Daily cases top 300k; Covid-19 lockdown back in Israel
Israel, among countries battling a new spike, announced a three-week national lockdown starting Friday when people will not be allowed more than 500 metres from their homes. The announcement has sparked a wave of anger.Updated: Sep 15, 2020 03:58 IST
As the number of new coronavirus infections reported daily reached a record high, crossing 300,000, the World Health Organization (WHO) on Monday warned that Europe will face a rising death toll in October and November.
Israel, among countries battling a new spike, announced a three-week national lockdown starting Friday when people will not be allowed more than 500 metres from their homes. The announcement has sparked a wave of anger.
The WHO reported 307,930 new daily global infections on Sunday, a record since the pandemic began in China late last year, as total cases topped 29 million.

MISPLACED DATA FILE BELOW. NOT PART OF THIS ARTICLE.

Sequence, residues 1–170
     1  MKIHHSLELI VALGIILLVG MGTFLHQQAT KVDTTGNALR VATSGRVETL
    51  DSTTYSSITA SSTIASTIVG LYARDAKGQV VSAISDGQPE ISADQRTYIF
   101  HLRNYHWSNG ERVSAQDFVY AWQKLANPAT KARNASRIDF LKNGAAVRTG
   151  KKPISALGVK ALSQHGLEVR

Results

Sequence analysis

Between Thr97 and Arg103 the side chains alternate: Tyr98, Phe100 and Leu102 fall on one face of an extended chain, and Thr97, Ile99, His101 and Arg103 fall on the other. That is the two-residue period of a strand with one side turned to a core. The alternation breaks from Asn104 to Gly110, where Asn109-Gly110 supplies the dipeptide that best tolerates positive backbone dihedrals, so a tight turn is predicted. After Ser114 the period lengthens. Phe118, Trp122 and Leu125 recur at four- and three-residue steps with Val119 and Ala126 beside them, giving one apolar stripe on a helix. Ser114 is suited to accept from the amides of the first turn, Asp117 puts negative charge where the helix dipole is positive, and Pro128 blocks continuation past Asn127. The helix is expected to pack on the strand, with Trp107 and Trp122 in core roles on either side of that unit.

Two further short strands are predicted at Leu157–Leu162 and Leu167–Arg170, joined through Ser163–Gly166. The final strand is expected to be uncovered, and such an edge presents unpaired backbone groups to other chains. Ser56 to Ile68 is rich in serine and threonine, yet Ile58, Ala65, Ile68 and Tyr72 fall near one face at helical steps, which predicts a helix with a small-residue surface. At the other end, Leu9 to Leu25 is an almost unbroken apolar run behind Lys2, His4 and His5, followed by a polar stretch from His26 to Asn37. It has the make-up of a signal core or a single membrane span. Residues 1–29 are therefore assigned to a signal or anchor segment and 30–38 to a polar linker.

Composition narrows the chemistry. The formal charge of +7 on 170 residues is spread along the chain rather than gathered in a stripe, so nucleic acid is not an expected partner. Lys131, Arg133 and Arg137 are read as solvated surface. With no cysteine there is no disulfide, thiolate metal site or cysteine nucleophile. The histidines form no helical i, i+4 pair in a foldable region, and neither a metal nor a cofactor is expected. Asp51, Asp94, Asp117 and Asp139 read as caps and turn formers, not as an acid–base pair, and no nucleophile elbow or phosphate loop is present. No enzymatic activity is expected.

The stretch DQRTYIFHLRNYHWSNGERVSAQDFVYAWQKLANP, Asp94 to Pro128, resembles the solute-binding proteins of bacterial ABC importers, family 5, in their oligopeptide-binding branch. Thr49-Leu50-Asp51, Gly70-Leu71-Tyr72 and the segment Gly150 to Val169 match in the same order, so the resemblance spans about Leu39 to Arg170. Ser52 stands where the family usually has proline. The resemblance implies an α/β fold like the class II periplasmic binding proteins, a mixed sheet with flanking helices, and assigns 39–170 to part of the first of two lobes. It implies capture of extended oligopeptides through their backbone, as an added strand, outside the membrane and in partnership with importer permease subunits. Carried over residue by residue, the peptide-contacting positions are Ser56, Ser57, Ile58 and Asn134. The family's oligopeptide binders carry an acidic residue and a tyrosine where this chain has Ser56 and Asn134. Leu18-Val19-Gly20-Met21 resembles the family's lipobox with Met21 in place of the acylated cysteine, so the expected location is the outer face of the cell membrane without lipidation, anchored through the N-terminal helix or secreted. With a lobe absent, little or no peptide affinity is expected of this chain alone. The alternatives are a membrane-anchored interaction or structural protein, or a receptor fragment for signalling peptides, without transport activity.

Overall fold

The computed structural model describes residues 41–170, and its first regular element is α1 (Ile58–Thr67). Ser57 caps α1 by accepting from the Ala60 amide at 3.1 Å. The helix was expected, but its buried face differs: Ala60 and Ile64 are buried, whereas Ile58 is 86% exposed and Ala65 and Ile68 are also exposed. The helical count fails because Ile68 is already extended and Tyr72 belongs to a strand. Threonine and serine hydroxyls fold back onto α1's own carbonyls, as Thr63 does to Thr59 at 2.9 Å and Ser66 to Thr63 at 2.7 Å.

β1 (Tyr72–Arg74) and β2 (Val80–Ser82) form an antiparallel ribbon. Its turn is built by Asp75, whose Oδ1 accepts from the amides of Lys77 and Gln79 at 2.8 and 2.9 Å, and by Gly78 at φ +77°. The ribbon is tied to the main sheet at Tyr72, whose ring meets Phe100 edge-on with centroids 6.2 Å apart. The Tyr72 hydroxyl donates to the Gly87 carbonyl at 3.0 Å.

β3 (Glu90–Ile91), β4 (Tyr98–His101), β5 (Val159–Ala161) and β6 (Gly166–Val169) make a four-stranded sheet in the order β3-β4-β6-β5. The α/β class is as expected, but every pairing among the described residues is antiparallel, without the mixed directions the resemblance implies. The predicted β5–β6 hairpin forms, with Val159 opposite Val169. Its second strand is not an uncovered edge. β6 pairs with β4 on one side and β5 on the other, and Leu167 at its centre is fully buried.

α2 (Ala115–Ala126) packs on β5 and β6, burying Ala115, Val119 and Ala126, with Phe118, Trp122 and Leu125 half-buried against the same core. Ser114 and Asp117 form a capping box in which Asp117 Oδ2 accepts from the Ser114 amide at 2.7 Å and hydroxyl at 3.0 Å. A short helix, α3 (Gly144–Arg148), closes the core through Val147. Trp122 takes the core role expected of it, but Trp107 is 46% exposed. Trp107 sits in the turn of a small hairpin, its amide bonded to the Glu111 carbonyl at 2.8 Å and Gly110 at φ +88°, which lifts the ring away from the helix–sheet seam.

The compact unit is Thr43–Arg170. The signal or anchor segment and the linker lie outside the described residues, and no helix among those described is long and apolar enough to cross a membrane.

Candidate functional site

“It’s going to get tougher. In October, November, we are going to see more mortality,” WHO Europe director Hans Kluge said.
“We are by no means out of the woods,” the UN health agency’s chief Tedros Adhanom Ghebreyesus told a meeting of WHO Europe’s 55 members that began on Monday.
A Vatican spokesman meanwhile said Pope Francis was being “constantly monitored” after having met with a cardinal who later tested positive.
In Greece, 14 refugees tested positive for the virus after thousands of them were left without shelter after a massive fire in the Moria camp on Lesbos island.
Britain, France, Austria and the Czech Republic also reported spikes.
S’pore gives out devices to trace coronavirus
Singapore began handing out pocket-sized coronavirus contact-tracing devices to residents on Monday, part of a planned nationwide rollout. The box-shaped tokens use Bluetooth signals to record nearby devices and store encrypted data of a users’ close contacts.
If users test positive, the devices have to be handed over to the authorities to extract the data on other people they have potentially exposed to the virus.
In a report, the Global Preparedness Monitoring Board, an independent body created by the WHO and the World Bank, said the world is doing far too little to prepare for future, possibly even more damaging pandemics.